Teaching jobs typically require a few years of on-the-job experience, so they make a great option for seasoned medical coders who are ready for a change of pace. This is the perfect career path for anyone who loves the ins and outs of medical coding and enjoys sharing their wisdom with others.

5. Law firms

Billing fraud is a big problem for healthcare providers. Incorrect billing procedures can cause a provider to come under fire for fraud—even if it was unintentional. A provider has to prove that any billing and coding errors were simply mistakes, or they may face criminal charges.

Law firms often hire medical coders to help investigate fraud claims. These coders will examine records to help determine if coding mistakes were intentional or the result of billing fraud. A thorough knowledge of Medicaid laws and regulations is a necessity in this medical coding position.

6. Government agencies

State and federal government agencies, such as the National Center for Health Statistics or state Medicaid departments, are another employer of medical coders. These daily job duties are similar to those of medical coders in other industries: assigning codes, abstracting information and reviewing and auditing incoming claims codes.

Government agencies offer the opportunity to work on projects that may affect healthcare across the nation. Plus there’s another big benefit: the federal government offers some of the highest medical coding salaries in the field, according to a study by the American Association of Professional Coders (AAPC).

7. Your living room

That’s right, you could be a successful medical coder from the comfort of your own home—or anywhere else you have reliable Internet access! There are plenty of legitimate work-from-home coding jobs available; just make sure to be on the lookout for scammers.

You could even start your own medical coding business like Beth Morgan, president of Medical Detectives, did. “Being my own boss allows me freedom and flexibility, and I am able to assist all sources of providers,” Morgan says.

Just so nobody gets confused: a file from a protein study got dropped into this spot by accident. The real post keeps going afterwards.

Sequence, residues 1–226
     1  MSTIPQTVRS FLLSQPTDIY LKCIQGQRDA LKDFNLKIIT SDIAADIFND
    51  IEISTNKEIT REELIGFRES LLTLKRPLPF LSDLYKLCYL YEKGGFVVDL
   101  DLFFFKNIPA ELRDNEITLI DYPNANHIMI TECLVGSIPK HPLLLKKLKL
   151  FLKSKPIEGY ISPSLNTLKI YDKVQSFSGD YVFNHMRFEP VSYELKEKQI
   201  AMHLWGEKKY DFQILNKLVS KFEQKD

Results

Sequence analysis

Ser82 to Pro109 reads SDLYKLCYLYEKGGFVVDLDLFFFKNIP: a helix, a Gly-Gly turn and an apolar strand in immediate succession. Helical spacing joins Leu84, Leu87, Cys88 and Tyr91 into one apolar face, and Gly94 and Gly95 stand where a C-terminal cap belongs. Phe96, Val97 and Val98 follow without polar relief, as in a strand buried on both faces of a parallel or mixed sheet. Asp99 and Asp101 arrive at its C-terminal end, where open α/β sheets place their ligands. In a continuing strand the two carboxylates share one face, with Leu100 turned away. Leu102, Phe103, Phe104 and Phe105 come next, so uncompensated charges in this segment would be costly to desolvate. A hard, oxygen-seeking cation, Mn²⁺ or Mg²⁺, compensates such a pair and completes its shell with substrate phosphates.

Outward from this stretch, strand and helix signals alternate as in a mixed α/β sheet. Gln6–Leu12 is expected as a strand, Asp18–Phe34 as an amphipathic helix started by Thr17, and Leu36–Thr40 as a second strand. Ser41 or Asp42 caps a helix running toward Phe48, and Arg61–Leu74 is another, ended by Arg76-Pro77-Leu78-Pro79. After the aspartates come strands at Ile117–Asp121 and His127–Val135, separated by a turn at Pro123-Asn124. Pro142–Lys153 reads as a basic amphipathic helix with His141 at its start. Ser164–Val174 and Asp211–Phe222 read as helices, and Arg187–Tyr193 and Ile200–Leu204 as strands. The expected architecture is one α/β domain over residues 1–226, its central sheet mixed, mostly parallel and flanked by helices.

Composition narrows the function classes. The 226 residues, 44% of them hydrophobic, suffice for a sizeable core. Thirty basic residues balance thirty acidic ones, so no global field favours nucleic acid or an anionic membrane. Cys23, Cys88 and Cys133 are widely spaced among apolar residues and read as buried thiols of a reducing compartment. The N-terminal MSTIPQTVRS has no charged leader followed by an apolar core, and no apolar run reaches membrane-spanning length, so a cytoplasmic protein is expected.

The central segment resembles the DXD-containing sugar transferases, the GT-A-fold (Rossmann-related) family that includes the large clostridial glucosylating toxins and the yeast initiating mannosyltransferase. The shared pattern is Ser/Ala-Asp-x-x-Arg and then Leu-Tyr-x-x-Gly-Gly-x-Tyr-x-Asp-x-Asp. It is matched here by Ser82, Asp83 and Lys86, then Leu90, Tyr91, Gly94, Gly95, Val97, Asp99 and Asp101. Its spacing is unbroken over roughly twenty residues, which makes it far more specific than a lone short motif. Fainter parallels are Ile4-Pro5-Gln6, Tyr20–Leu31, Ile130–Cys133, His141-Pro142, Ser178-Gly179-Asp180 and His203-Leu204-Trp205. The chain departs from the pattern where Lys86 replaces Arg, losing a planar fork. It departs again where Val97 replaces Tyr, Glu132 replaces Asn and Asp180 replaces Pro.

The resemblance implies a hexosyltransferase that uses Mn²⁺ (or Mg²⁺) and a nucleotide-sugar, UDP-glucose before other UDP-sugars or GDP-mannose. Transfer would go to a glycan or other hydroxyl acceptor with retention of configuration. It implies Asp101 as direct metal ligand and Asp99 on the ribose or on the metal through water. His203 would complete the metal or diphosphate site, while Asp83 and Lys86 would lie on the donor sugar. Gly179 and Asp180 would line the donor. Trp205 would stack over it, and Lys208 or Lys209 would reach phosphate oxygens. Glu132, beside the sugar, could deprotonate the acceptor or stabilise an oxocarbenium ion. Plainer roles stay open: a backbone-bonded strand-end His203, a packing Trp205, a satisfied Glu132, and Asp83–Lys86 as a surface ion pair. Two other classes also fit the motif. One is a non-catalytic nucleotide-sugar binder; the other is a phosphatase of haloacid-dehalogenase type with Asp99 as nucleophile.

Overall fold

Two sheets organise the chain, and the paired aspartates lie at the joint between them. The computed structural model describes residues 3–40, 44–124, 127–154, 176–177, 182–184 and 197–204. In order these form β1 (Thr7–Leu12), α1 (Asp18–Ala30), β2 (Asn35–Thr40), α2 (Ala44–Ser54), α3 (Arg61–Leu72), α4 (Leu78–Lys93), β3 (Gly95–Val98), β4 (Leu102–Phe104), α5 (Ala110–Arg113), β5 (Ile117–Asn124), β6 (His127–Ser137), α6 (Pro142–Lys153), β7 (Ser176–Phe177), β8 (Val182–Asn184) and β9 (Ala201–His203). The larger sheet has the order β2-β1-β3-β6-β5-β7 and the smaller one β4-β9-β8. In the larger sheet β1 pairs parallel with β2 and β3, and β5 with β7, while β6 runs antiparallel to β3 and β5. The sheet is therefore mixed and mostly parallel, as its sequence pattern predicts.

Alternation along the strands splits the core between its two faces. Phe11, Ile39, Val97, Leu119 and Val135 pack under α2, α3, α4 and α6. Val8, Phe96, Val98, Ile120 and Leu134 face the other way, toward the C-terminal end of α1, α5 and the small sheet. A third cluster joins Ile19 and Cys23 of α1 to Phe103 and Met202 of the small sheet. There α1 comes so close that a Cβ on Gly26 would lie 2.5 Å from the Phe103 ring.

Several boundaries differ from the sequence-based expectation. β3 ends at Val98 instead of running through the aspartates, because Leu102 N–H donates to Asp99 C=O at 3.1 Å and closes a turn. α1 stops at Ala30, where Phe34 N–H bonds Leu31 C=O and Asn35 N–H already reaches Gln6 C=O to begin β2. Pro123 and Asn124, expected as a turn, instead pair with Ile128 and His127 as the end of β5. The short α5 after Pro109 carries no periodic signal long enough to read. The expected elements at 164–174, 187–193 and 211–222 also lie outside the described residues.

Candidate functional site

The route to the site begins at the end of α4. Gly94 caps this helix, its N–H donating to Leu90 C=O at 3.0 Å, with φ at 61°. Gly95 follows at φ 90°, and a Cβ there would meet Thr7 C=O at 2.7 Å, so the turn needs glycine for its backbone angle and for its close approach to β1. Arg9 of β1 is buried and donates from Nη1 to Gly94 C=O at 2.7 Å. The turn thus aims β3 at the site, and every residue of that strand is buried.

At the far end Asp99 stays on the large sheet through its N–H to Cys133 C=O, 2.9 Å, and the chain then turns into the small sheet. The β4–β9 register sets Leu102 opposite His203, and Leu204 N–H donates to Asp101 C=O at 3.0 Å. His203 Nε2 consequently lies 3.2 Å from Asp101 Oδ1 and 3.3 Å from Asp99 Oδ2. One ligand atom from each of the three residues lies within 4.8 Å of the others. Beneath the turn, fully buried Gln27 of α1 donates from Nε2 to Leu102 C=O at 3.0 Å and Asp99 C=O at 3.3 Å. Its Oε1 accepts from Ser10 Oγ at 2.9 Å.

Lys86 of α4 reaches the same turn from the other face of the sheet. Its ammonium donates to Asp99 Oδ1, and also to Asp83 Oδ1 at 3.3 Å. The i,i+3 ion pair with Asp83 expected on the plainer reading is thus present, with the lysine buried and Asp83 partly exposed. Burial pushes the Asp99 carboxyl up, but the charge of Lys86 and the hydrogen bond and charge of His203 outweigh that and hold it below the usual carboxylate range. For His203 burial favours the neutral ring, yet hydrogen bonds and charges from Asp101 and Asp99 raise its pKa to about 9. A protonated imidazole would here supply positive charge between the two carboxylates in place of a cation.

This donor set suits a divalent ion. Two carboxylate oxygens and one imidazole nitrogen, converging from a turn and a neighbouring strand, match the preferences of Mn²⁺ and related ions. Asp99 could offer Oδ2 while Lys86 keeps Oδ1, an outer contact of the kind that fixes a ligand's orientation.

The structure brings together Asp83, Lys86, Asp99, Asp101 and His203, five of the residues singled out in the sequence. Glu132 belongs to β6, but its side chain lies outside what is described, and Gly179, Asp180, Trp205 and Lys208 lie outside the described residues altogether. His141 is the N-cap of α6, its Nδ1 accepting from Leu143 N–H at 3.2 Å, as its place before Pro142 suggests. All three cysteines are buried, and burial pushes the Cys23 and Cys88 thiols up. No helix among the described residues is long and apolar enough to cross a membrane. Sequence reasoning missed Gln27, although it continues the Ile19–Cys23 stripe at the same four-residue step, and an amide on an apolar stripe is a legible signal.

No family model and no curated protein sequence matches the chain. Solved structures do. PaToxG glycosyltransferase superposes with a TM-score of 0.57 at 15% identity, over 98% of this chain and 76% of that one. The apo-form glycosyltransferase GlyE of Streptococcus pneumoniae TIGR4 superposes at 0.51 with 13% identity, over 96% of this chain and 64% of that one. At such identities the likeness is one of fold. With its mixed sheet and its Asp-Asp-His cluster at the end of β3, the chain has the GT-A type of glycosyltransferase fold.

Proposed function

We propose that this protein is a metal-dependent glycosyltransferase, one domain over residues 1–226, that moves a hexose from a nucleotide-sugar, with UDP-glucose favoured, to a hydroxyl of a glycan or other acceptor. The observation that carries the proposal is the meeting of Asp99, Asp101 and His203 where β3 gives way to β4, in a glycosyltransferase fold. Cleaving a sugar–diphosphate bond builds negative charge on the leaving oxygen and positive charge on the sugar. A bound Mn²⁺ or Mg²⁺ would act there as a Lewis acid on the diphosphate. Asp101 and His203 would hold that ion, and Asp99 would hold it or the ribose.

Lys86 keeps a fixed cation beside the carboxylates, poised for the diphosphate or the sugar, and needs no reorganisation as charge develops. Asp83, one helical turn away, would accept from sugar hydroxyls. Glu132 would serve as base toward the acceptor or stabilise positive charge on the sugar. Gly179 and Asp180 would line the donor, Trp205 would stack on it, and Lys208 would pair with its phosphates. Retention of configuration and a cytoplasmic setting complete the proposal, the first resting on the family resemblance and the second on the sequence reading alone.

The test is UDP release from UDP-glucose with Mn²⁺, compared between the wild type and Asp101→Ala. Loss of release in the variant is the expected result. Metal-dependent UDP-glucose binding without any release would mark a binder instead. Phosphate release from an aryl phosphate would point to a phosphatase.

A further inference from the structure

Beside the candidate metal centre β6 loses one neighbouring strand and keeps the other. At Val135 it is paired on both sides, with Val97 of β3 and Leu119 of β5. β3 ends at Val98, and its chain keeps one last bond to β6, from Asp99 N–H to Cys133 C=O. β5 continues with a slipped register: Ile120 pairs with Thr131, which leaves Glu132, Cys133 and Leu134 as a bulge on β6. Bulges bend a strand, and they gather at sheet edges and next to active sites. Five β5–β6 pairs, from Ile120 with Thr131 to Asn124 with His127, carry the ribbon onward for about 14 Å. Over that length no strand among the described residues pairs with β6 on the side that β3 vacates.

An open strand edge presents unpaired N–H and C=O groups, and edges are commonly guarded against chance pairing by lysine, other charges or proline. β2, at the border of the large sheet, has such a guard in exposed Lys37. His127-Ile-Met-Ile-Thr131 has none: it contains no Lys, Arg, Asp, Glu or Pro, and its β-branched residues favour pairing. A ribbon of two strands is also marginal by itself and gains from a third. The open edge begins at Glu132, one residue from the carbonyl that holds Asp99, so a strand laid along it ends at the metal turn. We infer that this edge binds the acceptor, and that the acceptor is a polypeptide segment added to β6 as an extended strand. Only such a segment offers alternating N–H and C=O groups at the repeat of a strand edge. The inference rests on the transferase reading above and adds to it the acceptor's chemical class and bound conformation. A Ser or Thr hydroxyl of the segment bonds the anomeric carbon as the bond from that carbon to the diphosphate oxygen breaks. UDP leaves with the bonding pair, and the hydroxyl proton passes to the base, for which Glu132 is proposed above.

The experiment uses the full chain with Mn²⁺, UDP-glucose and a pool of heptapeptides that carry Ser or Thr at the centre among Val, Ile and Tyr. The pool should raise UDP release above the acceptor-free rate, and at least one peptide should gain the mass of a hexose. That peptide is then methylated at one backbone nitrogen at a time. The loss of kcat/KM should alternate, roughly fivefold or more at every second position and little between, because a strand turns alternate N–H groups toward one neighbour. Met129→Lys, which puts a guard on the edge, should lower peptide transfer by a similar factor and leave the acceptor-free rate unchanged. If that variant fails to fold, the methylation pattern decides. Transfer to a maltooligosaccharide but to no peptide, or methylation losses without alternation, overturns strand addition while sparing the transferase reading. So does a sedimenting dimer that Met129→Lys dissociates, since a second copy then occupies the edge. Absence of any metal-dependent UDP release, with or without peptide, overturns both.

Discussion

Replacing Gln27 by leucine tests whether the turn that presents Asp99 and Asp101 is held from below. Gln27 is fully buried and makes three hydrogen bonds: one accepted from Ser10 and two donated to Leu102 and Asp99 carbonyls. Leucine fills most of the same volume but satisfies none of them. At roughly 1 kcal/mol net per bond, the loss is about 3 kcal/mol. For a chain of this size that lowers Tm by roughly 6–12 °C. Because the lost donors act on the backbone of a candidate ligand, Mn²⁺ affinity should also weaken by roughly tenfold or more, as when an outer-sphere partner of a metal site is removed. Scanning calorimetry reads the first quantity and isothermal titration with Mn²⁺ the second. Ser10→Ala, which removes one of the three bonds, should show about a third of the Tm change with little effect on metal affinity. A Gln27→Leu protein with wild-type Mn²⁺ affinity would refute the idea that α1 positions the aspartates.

She enjoys the unique opportunity she has to perform coding reviews for companies and agencies spanning all of the industries described above. If you prefer variety and could picture yourself working in any of these settings, the self-employed route may be the perfect solution for you!

Medical coding: A job in (nearly) every industry

So, where do medical coders work? Just about anywhere!

Now that you’re aware of the wide array of opportunities for medical coders, you might be wondering if the you have what it takes for the job. Check out this article to find out: Is Medical Coding Really as Hard as it Sounds?


*Burning-Glass.com (analysis of 119,939 medical coding job postings, Aug. 1, 2014 – July 31, 2015.)

Ashley Brooks

Ashley is a freelance writer for Collegis education who writes student-focused articles on behalf of Rasmussen College. She believes in the power of words and knowledge and enjoys using both to encourage others on their learning journeys

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This piece of ad content was created by Rasmussen College to support its educational programs. Rasmussen College may not prepare students for all positions featured within this content. Please visit www.rasmussen.edu/degrees for a list of programs offered. External links provided on rasmussen.edu are for reference only. Rasmussen College does not guarantee, approve, control, or specifically endorse the information or products available on websites linked to, and is not endorsed by website owners, authors and/or organizations referenced. Rasmussen College is a regionally accredited private college and Public Benefit Corporation.